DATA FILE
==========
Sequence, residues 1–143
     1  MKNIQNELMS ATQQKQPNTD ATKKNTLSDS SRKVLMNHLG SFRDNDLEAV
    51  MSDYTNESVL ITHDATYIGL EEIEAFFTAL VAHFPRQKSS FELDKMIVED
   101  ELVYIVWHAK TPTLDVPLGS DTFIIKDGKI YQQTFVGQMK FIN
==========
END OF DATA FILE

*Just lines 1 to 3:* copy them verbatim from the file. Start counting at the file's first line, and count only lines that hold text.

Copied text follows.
Sequence, residues 1–143
     1  MKNIQNELMS ATQQKQPNTD ATKKNTLSDS SRKVLMNHLG SFRDNDLEAV
    51  MSDYTNESVL ITHDATYIGL EEIEAFFTAL VAHFPRQKSS FELDKMIVED